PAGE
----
So, when you ask me who I’m going to call when someone breaks into my house, I’m going to call the police, and I’m going to expect them to do their job. Sending videos to my inbox of cops doing good things after I ask us all to be vigilant of how much power we give law enforcement is like me sending you clips of Dr. McDreamy saving someone with brain cancer after you complain about your recent ER visit. It’s irresponsible, and has NOTHING to do with the problem. You heard the click, and you responded by bowing down to your idols. You didn’t do what the Founders told you to do, you instead tried to make me feel unpatriotic, uncaring, and anti-cop while you bounced on the body of a victim with a pogo stick. When in reality, my way creates a positive relationship between the people and law enforcement. So, now that I think about it, maybe you’re the one that supports a system which causes the police to be viewed in a bad light with the public. Chew on that one for a bit.
Do I share videos of the awesome things many cops do? Of course! Am I thankful for the police? OF COURSE! Are they who I am going to call if someone harms me? Of course! Am I going to ignore issues in law enforcement to fancy your narrative? No. I’m not.
And remember who we are. We are not Europe, we are not China, we are America. Our country was Founded on individual rights, self-protection, and a Government that is supposed to run on a hands off approach. The same rights that gave Wilson the right to protect himself, and Garner the right to live and face due process. Respecting the police is pertinent; not fearing what they can become with too much power is dangerous. That means we are ALL responsible to hold ANY guilty party responsible. Badge or no badge. Michael Brown was responsible for his death, Eric Garner was not responsible for his. So, where should your allegiance be placed? Right now I’m talking about politically, of course I know that God is the blanketed answer, but right now I’m talking about us as a country. Look to your left and your right, no matter what they are wearing, be it a police uniform or a waitress apron, they are who your allegiance should be dedicated to. The People of this country. Your first response should be to protect their rights, at all cost. Countless soldiers have given their lives in the name of our freedom, it is our job to respect that freedom. It is our job to protect that freedom from our Government.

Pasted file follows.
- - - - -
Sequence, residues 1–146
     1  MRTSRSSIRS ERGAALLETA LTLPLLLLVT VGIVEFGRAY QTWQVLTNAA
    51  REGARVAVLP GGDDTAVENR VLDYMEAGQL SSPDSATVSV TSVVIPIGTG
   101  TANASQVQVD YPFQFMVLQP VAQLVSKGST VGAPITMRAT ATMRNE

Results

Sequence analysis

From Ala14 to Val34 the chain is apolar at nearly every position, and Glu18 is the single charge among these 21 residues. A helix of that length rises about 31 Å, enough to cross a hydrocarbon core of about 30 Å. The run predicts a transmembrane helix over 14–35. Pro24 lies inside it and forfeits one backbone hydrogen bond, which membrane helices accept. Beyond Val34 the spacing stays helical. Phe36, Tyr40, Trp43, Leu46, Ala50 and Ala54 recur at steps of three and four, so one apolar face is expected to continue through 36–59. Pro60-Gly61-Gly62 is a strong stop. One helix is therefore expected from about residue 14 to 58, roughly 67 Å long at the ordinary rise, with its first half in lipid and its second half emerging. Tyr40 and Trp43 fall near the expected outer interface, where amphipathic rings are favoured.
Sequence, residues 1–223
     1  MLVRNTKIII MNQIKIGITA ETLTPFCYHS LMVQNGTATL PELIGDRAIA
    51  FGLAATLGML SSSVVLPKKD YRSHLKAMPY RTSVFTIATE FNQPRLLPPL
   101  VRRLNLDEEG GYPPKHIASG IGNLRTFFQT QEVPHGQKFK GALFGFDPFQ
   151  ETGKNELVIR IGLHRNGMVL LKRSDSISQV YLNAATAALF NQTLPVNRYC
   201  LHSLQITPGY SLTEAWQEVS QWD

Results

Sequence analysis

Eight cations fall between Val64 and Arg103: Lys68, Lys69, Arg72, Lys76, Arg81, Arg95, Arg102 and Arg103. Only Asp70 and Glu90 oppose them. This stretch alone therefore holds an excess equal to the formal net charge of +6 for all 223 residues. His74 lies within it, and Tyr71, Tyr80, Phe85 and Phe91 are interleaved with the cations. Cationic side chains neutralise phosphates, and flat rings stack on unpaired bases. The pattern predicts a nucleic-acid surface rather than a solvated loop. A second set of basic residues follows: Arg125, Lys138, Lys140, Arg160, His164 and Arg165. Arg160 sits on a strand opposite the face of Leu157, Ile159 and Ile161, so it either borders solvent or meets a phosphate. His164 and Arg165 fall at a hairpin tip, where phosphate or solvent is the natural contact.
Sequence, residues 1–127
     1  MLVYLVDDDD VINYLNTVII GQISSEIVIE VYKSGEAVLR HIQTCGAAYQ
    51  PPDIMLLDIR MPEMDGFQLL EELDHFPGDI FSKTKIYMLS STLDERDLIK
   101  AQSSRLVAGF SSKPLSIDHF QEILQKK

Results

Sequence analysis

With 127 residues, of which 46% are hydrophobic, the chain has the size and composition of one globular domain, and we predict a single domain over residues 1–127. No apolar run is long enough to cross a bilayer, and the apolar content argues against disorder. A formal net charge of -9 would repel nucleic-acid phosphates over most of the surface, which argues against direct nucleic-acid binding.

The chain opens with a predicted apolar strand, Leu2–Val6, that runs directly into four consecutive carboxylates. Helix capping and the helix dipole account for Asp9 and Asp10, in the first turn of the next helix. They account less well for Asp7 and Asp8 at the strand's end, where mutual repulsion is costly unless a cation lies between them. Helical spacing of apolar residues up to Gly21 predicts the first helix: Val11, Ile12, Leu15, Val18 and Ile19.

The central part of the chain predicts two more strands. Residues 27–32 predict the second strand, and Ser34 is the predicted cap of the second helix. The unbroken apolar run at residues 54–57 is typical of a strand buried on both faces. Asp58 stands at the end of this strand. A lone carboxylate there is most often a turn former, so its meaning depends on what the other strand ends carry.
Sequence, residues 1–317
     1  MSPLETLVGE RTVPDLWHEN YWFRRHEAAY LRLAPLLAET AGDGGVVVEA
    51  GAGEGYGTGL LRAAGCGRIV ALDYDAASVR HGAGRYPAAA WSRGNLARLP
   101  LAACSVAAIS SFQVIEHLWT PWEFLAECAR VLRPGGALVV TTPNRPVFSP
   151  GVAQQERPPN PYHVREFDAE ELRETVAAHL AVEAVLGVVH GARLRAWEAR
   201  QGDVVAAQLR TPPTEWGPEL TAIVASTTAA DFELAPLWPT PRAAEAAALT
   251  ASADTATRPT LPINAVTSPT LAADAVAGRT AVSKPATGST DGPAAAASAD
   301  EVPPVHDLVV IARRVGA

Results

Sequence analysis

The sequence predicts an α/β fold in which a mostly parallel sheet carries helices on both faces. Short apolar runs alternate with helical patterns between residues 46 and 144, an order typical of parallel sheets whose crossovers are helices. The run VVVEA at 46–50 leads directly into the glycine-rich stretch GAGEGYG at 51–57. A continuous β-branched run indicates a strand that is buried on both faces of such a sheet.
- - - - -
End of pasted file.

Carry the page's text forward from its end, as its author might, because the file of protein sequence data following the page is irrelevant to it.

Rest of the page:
So this year, I challenge you to think. Think about who you defend, are you defending the rights of the man behind the badge, or just the badge. Think about who we are, are you putting your opinions to the challenge and ensuring that they can face fierce scrutiny? Think about your neighbor, if they lost their home because their already impossible budget was stretched to the limit because of the ACA, would you care more about Gruber’s remarks? Until we start seeing people, and stop seeing color, uniform, and political party, we will never heal this country.